Re Birndörfer

JurisdictionSuiza
CourtFederal Supreme Court (Switzerland)
Docket NumberCase No. 199
Switzerland, Federal Court.
Case No. 199
In re Birndörfer.

Extradition — Delivery of Objects Connected with the Case Extraditable Offence.

The Facts.—The German authorities asked for the extradition of the Hotel Manager Birndörfer, who was accused of having bribed police officials in order to frustrate a search in the hotel premises for goods acquired by illicit secret traffic.

Held: That extradition on account of bribery (Article 1 (22) of the Extradition Treaty with Germany) must be granted, but that delivery of the money and other objects found on the prisoner must be refused.1 The first sentence of Article 92 of the German-Swiss Extradition Treaty seemed prima facie to support the argument that the extradition is to include all objects found in the possession of the accused irrespective of their connection with the offence for which extradition is sought. This had been the practice of the Federal Council in cases which it had dealt with directly in the absence of opposition. However, the Federal Court adopted in the cases of Platten and Pietsch (B.G.E., 31,I, p. 694; 34,I, p. 368) a restrictive interpretation, and allowed the delivery of objects only if they had some connection, immediate or remote, with the offence for which extradition was sought. This attitude was not only compatible with the text of the Treaty, but was also in harmony with the nature of extradition and the development of the law of extradition as laid down in the Swiss Extradition Act of 1892 and in the latest extradition treaties. There was no practical objection to a decision on these lines.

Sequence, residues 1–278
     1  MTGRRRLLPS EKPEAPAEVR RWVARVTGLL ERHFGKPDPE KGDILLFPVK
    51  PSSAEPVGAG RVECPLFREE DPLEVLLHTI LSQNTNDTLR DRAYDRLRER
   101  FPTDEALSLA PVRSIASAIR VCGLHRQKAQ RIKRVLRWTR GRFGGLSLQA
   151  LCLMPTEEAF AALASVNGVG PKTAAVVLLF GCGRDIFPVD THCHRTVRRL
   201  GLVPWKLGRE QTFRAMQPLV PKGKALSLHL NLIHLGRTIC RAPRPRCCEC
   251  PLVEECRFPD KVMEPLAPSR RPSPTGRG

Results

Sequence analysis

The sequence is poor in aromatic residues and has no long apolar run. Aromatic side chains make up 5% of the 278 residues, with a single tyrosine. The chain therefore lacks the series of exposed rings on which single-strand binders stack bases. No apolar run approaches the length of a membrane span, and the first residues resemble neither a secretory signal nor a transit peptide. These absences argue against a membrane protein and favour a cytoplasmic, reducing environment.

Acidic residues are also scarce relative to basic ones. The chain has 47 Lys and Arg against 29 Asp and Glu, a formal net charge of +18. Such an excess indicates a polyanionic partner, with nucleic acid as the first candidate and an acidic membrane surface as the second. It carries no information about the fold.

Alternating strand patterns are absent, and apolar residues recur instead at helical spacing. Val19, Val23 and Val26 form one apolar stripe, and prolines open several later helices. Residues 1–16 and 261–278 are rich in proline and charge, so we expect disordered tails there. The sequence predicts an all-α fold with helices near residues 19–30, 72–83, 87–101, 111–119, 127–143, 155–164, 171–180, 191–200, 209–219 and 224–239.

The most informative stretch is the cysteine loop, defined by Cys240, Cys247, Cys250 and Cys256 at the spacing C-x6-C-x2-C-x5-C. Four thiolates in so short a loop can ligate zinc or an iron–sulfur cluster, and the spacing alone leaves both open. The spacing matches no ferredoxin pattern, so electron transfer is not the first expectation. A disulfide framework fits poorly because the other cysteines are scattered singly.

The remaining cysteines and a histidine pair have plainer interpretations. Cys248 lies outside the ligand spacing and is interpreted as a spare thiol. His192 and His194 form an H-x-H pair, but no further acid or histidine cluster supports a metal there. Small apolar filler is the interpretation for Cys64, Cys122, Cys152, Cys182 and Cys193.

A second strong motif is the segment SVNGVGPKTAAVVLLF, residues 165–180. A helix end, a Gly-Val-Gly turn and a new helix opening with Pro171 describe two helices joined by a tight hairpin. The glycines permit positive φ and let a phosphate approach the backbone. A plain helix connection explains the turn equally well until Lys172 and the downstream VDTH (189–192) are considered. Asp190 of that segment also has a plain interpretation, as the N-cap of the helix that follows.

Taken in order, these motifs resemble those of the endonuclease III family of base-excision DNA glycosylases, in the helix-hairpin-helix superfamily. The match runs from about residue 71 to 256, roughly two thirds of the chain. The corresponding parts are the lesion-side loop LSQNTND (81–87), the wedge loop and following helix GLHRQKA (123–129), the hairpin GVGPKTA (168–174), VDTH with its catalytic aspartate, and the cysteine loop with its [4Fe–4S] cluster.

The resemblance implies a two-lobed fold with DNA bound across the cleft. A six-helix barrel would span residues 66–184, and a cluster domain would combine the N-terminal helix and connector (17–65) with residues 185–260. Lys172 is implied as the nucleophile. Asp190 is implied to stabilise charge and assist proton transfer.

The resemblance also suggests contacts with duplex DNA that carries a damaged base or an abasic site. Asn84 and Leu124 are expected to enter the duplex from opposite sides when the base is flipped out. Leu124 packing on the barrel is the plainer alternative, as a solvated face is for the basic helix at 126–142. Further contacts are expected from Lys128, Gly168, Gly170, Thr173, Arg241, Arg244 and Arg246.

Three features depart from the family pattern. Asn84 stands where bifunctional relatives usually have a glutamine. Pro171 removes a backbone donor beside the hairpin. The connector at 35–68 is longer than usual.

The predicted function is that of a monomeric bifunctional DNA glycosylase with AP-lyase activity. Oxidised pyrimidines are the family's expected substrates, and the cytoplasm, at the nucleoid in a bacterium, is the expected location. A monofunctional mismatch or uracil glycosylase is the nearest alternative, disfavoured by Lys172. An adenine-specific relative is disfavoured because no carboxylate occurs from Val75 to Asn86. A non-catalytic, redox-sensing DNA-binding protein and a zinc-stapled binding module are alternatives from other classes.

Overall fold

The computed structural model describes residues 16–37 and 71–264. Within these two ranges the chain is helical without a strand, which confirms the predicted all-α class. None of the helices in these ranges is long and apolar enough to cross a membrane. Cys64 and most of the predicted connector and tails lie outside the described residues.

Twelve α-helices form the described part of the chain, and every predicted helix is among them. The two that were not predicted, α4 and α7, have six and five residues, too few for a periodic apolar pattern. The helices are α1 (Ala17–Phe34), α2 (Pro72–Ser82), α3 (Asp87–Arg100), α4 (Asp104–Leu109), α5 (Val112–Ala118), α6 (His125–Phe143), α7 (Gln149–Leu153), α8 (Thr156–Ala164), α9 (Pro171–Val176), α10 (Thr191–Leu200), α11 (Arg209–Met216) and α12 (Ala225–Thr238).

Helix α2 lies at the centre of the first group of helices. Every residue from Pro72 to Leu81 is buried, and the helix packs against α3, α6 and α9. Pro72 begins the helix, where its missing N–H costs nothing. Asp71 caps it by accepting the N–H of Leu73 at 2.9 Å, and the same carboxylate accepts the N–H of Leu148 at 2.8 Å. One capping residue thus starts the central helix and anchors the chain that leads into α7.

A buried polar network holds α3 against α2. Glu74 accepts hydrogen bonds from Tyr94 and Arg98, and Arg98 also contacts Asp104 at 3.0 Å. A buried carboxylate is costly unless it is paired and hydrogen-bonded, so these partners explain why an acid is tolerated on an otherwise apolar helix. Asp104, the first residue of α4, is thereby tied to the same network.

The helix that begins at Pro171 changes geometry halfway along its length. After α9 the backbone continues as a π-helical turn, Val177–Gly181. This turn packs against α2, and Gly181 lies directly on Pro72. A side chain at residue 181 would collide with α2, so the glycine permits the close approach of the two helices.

1 The case came before the Federal Court in the following way: The German request for extradition was directed to the Federal Council, which had the accused interrogated. In the course of the interrogation the accused was asked—in accordance with Article 21, paragraph 2, of the Federal Law of 22...

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